A new commercial for a Japanese skincare brand has surpassed the typical beauty ads and instead shone a spotlight on the humiliation and exclusion of Chinese women who don’t get married.
The spot is filmed documentary-style and is four minutes long, and follows the daily struggles and social pressures experienced by three Chinese women, all in their twenties and all single.
The SK-II skincare clip is called ‘Marriage Market Takeover’ and shows the ever strong stigma of unmarried women in this culture, including the labels of ‘Sheng Nu’ or ‘leftover women’ to explain their status.
“You become a subject people talk about, and you get so much social pressure,” says one woman in the commercial.
The reality is that in China, unmarried women are believed to be incomplete, and so families often take their children to ‘marriage markets’, displaying signs of age, weight, income and occupation in the hopes a suitable partner will choose them.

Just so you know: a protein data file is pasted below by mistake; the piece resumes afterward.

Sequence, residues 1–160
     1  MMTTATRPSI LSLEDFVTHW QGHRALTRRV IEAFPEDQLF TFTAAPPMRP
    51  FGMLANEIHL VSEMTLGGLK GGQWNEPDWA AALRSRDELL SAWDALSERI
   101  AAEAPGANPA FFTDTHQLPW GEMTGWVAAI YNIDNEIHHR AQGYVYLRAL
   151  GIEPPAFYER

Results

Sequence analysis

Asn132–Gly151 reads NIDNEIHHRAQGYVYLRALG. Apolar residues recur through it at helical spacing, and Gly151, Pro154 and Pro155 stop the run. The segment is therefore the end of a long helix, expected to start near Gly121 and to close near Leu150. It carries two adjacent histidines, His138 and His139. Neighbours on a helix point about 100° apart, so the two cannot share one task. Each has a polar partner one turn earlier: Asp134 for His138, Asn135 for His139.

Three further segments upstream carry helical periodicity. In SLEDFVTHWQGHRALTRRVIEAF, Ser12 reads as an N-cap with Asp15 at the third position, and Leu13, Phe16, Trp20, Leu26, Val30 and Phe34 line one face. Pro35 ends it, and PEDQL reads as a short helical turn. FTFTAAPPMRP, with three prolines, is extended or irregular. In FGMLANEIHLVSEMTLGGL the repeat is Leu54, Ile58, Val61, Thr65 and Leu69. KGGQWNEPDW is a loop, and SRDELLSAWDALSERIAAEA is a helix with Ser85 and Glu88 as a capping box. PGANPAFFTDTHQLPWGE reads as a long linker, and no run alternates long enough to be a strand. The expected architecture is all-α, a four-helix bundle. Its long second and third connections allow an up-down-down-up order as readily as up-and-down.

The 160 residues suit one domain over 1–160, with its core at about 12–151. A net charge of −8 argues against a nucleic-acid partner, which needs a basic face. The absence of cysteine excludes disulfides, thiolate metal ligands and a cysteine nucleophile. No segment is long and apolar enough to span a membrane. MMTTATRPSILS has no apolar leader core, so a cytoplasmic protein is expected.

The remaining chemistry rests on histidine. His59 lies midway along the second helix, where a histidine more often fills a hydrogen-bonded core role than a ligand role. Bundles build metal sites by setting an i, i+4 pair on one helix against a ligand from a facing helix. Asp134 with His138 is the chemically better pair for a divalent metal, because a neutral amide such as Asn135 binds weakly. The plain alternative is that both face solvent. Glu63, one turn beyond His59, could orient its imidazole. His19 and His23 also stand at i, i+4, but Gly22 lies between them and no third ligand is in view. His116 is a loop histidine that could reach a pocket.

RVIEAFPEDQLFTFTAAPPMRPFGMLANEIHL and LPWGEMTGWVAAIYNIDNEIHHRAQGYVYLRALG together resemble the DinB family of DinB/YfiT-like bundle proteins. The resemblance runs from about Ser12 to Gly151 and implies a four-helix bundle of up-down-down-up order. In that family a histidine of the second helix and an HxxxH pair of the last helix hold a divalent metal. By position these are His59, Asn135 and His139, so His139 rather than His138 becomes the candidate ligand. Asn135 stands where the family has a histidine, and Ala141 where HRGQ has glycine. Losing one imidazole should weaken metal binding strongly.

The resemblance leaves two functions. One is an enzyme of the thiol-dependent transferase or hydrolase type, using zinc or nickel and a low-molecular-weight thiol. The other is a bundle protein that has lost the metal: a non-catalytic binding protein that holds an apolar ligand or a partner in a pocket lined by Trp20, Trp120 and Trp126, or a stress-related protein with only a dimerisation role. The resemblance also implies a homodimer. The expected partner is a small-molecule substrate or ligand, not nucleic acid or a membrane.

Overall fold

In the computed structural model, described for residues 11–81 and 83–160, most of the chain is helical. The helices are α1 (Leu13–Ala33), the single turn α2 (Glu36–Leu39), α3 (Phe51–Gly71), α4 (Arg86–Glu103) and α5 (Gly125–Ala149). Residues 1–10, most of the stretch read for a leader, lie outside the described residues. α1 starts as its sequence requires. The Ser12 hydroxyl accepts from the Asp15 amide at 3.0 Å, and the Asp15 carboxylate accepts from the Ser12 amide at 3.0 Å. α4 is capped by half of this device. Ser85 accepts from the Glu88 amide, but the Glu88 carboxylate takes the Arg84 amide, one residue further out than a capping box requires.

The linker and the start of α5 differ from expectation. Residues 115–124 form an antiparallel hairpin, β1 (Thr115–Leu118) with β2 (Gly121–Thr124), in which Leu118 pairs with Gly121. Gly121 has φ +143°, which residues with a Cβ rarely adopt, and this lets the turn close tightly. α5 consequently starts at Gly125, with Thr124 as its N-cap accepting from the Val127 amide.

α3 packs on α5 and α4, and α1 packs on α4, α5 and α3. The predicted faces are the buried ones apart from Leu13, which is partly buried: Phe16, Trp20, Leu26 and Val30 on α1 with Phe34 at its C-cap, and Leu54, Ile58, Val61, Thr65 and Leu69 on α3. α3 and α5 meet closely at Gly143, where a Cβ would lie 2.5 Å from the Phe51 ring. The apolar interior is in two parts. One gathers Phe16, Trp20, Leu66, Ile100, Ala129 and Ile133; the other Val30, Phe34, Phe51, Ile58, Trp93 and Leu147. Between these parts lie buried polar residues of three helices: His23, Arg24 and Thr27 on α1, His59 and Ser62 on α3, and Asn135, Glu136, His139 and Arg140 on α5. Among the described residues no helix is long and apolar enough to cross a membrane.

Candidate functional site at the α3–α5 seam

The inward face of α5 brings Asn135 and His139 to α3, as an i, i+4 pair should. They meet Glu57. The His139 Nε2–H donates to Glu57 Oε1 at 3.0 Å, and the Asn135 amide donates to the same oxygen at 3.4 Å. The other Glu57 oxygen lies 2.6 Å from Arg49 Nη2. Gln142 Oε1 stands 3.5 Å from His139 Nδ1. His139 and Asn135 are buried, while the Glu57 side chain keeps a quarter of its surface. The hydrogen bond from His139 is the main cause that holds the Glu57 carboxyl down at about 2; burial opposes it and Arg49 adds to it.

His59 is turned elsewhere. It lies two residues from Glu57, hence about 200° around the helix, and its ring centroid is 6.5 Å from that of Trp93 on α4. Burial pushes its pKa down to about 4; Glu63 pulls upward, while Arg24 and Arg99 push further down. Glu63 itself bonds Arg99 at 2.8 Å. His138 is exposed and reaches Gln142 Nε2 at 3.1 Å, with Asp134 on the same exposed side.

The ad instead tries to turn this negative connotation around, by having women post pictures of themselves around the marriage market, with supportive messages following.
“I don’t want to get married just for the sake of marriage,” says an English translation of one of these messages. “I won’t be happy that way.”
And as the parents visit the market and witness their daughter’s photos with messages of confidence, their views on marriage become less rigid.
“My daughter is beautiful,” one mother says, looking at an image of her daughter with positive reinforcement messages. “Leftover women should be proud.”
“If she feels OK to be single, we will respect her,” a father added.